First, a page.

Leydig cell tumor of the testis

Last revised by Dr Jeremy Jones on 20 Sep 2021

A Leydig cell tumor of the testis is an uncommon testicular neoplasm. Its imaging appearance on ultrasound and MRI is nonspecific, but clinically it is associated with serum hormonal imbalance.

1-3% of all testicular tumors, but the most common sex-cord stromal tumor. Tend to be bimodal, with one peak occurring in pediatric patients (5-10 years) and one in adults (20-30 years).  Malignancy occurs in ~10% of tumors.

Leydig cell tumors arise from the interstitial cells of Leydig adjacent to the seminiferous tubules.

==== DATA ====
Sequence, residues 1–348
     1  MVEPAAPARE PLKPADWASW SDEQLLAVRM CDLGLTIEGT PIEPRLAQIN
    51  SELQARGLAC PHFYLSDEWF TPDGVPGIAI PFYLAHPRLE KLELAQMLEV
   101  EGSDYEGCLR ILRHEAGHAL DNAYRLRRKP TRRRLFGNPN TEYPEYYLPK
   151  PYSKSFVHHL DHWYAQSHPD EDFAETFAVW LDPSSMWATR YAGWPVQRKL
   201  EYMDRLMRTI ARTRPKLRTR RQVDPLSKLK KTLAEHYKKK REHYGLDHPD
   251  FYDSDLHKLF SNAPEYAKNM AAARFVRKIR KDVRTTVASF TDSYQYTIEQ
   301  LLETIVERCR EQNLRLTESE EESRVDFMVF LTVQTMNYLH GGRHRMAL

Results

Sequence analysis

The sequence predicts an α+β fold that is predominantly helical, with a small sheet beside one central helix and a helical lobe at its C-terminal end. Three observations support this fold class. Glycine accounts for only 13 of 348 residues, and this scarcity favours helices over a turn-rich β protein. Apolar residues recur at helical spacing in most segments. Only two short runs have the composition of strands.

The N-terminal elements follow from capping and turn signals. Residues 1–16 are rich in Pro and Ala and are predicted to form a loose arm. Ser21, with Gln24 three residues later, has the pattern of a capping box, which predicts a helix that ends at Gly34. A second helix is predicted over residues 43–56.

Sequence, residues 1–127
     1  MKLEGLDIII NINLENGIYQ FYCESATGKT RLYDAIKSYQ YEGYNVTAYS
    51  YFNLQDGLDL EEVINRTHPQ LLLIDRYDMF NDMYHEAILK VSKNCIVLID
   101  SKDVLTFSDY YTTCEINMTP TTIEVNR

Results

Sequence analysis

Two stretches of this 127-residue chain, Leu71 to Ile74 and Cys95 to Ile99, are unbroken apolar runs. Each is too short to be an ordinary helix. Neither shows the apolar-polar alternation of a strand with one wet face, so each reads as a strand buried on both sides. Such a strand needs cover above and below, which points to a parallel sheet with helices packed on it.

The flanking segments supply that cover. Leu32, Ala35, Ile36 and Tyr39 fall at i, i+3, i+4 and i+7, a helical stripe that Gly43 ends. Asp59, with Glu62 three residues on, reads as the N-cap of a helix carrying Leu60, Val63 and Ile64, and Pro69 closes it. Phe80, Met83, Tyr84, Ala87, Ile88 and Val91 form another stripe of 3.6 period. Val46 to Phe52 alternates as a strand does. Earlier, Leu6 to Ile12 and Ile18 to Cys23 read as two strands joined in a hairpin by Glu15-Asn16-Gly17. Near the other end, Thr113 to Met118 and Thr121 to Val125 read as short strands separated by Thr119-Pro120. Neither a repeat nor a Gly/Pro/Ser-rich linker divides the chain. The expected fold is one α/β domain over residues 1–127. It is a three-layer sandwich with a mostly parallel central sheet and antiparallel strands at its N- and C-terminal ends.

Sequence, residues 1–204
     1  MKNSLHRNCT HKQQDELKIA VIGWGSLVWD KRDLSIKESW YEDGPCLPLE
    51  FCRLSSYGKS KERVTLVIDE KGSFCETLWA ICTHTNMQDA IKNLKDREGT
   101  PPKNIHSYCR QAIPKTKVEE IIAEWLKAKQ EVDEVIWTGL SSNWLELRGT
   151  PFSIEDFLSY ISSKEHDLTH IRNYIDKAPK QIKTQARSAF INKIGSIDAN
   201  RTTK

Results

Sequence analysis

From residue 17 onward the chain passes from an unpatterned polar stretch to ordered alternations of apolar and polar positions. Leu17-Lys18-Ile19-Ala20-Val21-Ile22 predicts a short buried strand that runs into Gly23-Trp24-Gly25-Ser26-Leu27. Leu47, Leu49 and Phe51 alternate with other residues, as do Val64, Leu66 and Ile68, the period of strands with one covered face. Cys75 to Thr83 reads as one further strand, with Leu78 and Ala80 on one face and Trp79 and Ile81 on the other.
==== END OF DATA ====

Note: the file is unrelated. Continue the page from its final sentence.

Leydig cell tumors of the testis may present with serum hormonal imbalance (~30%). Virilization (including precocious puberty) may occur. Hyperestrogenism may also occur and patients may demonstrate gynecomastia.

Malignancy cannot be excluded on imaging.

  • small, hypoechoic, round intratesticular mass
  • may demonstrate cystic areas
  • most often unilateral
  • difficult to differentiate from other testicular tumors

On an imaging differential, consider:

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Cases and figures

  • Case 1: on ultrasound
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